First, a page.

No. of Recommendations: 131

Chained to the floor of a cell in Camp Six, Guantanamo, Joseph said nothing. But he had some news for us, too.

The Court of Appeals had decided what record - what pieces of paper - it would examine when it considered his "Detainee Treatment Act" case. This was big. For months, we urged the Bush administration to release its exculpatory evidence about Joseph.

Joseph's lawyer won the case. In July. But, of course, by October, the administration had still not released the exculpatory documents. They had, instead, filed more briefs, moved for reconsideration, contemplated an appeal.

No one alleges that Joseph was ever a terrorist, or a soldier, or a criminal. The military told him in 2002 he was innocent. Again in 2003. Again in 2006. . .

For two years and three months he'd been asking the federal judiciary to hear a few simple facts. No judge ever has.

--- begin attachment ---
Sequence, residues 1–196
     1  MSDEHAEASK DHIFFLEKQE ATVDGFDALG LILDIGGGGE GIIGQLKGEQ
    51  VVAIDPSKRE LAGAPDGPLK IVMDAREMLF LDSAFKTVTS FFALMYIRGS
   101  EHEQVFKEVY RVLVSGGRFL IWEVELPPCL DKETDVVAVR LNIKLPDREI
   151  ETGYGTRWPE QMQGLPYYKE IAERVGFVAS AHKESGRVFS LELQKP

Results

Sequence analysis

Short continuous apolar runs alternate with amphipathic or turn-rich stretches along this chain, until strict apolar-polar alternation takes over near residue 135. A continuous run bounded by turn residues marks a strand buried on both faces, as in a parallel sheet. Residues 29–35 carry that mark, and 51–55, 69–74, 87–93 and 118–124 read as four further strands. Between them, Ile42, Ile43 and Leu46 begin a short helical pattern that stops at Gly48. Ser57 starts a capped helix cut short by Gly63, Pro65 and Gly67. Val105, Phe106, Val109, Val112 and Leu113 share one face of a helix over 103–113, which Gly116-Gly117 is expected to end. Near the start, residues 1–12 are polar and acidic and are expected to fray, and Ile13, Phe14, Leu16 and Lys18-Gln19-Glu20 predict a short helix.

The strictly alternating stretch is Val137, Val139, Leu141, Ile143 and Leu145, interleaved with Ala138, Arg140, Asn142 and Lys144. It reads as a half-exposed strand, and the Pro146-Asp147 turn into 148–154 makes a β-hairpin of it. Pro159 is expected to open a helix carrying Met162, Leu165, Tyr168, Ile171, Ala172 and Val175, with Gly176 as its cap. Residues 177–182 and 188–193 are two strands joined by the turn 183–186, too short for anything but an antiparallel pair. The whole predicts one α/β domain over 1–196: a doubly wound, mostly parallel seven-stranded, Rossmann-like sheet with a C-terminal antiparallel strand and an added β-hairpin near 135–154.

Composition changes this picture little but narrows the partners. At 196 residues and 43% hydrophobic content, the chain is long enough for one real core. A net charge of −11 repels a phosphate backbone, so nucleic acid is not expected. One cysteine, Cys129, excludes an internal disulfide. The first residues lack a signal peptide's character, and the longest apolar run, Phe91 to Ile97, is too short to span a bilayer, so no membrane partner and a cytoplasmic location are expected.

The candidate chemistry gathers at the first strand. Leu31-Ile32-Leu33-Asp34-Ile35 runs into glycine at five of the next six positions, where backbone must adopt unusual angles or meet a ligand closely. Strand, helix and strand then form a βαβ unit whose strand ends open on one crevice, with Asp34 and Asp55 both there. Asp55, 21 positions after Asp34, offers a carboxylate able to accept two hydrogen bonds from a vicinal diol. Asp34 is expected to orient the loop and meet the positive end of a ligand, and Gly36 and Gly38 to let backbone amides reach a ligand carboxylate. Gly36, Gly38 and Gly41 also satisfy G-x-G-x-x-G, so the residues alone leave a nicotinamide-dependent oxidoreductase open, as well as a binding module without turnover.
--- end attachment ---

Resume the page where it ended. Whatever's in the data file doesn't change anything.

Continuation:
"I also have something important to tell you," Joseph said. "About my wife."

Joseph (a pseudonym) wanted to get a message to his wife to move on with her life. He wanted her to know that he wasn't abandoning her, that he loved her, but that she was getting older and needed to end their marriage and get on with living without him.

Camp Six is complete isolation. The men call it the dungeon above the ground. He is held alone in a metal cell, denied any contact with companions, books, news, the world - with his wife or child.

North Korea used this isolation technique against our airmen in 1952. We know a good idea when we see it, so the taxpayers paid $30 million to Dick Cheney's former company to duplicate North Korea.

That's Joseph's life for the past six years and for the foreseeable future.

Somewhere in a file drawer in Guantanamo is a copy of the memo that clears Joseph for release. But it was written in 2006, and is as forgotten as he is. So the good husband did the last thing a man in isolation can do. He set his wife free from her husband's prison.

What, exactly, do conservatives who support the indefinite detention of human beings whom the government acknowledges are perfectly innocent of any crimes, mean by "family values?"

And what in HELL do they mean by "justice?"

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